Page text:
Coronavirus: UK to trial vaccine combos in bid to boost immunity against Covid

Government intending to launch ‘mix and match’ trial next month, says chair of UK vaccine taskforce

‘I was so proud to contribute to stopping the pandemic', says nurse to give first UK Covid jab

The UK is exploring the possibility of ‘mixing and matching’ different vaccines to see whether this can boost immunity levels against Covid-19, the government’s chief scientific adviser has said.

Known as a heterologous prime-boost, the treatment can only be administered with licensed jabs and involves using a dose each from two different vaccines.

Kate Bingham, outgoing chair of the UK’s vaccine taskforce, said the government was intending to launch a “mix and match” trial next month.

Participants in the study will receive one shot of the Pfizer-BioNTech vaccine, which was last week licensed for use by the UK’s drug regulator, and one dose of the Oxford-AstraZeneca jab — assuming it is approved in time.

The vaccine developed by Moderna will also be included if it is given the green light by the Medicines and Healthcare Products Regulatory Agency.

Sir Patrick Vallance, the government’s chief scientific adviser, said the treatment was a “pretty standard way of boosting the immune system”.

"What it means is that you give one vaccine to get the immune system triggered up and another one to then boost it further with a different vaccine — that's an established way of getting the immune system geed up,” he told Sky News on Tuesday.

"But that needs to be looked at — you can't assume that it will work. It needs to be tested properly, and that's one of the things about all of these vaccines and all of the clinical trials of medicines is you need to do the trials properly, you need to make sure you test these things."

The vaccines manufactured by Pfizer and Moderna have each been shown to be 95 per cent effective in preventing Covid-19 disease. They make use of new mRNA technology, which appears to generate a bigger antibody response than other vaccine platforms.

Questions remain over the precise efficaciousness of the Oxford/AstraZeneca jab, which is 62 per cent effective when administered as two full doses. This figure rises to 90 per cent if applied as a half dose followed by a full dose.

Under a heterologous prime-boost, doses from the different vaccines would be combined, in different orders, to help enhance the body’s immune response to Sars-CoV-2 - the virus responsible for Covid-19.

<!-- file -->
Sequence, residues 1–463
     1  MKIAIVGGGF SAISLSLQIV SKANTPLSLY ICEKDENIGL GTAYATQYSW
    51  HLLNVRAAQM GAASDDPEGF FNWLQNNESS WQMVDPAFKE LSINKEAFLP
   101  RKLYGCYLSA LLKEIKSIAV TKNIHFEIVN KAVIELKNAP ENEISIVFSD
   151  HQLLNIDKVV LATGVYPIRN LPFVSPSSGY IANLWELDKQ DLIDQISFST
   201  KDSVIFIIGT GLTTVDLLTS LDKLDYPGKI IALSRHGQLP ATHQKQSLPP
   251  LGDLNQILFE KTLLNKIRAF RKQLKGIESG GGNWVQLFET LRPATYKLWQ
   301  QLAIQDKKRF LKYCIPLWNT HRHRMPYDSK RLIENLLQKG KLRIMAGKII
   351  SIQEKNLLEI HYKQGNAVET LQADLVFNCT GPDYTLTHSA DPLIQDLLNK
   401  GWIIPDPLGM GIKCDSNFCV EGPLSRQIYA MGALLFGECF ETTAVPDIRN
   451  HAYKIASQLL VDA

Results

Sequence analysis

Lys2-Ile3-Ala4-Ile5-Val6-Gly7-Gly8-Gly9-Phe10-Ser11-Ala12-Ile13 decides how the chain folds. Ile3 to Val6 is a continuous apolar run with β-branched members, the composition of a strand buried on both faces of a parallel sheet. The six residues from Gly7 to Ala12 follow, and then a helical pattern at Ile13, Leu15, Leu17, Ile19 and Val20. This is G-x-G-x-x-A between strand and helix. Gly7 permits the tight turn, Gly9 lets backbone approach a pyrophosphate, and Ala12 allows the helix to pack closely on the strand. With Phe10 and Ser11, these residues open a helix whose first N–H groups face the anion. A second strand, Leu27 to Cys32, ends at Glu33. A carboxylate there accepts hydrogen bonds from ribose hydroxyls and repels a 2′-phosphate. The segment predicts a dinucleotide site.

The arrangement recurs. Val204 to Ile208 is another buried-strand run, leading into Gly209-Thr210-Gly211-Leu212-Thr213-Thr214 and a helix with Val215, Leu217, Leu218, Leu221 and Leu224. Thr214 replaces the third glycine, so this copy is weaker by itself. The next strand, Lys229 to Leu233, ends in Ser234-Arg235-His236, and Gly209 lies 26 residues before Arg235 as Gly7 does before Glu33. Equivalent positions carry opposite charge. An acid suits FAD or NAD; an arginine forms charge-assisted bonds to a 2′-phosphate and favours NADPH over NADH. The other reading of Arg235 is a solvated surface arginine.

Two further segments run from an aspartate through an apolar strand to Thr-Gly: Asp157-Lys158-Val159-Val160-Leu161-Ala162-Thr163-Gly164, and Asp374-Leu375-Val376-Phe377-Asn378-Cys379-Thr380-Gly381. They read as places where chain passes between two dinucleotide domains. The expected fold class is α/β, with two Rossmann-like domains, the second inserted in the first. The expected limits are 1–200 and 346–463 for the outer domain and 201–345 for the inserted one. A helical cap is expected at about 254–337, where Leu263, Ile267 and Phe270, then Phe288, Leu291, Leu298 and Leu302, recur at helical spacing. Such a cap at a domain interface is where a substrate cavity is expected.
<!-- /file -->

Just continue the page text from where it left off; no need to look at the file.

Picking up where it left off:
“No one’s ever done it live and since we’ll have safe vaccines available we should do that study, because then we have the ability to actually produce better immune responses,” Clive Dix, deputy chair of the UK’s vaccine taskforce, said during a scientific briefing.

“There is a slight benefit to it, too, in that if prime and boosting either way around work, it may help with the deployment, because it might just be simpler to deploy that way round, but the main reason is to get a stronger immune response.”

The UK government has ordered 100m doses of the Oxford jab, 40m doses of the Pfizer candidate and 7m Moderna shots, with the vast majority of supplies set to be delivered in the new year.

Ms Bingham said the January trials were not about making limited stocks of the vaccines go further.

“It’s not being done because of supplies,” she said. “It’s to do with trying to trigger the immune response and the durability and nothing to do with what vaccines we’ve got.”

When asked if the UK could purchase more doses, Ms Bingham said: “It depends by contract. So some we have options to extend and others we've got fixed numbers of doses.”

Health secretary Matt Hancock has meanwhile said the government is hopeful that approval for the Oxford-AstraZeneca vaccine will be granted in the coming weeks.

"We very much hope that that will get approval,” he said on Tuesday. “We hope that to come through in the next couple of weeks.

"It has to be a decision for the independent MHRA, who will only approve it if it is safe to use and effective. So that works underway. And I wouldn't expect anything for the next couple of weeks."

Ms Bingham said she was also optimistic that the vaccine will be licensed for emergency use.

The comments come as the vaccine taskforce released a report looking at its work and achievements six months after it was set-up to help in the fight against Covid-19.

According to the report, the taskforce has worked decisively and at great pace in the face of the pandemic.

Prime minister Boris Johnson said: "The approval of the Pfizer/BioNTech vaccine for use in the UK marks a momentous step in our fight against Covid-19.

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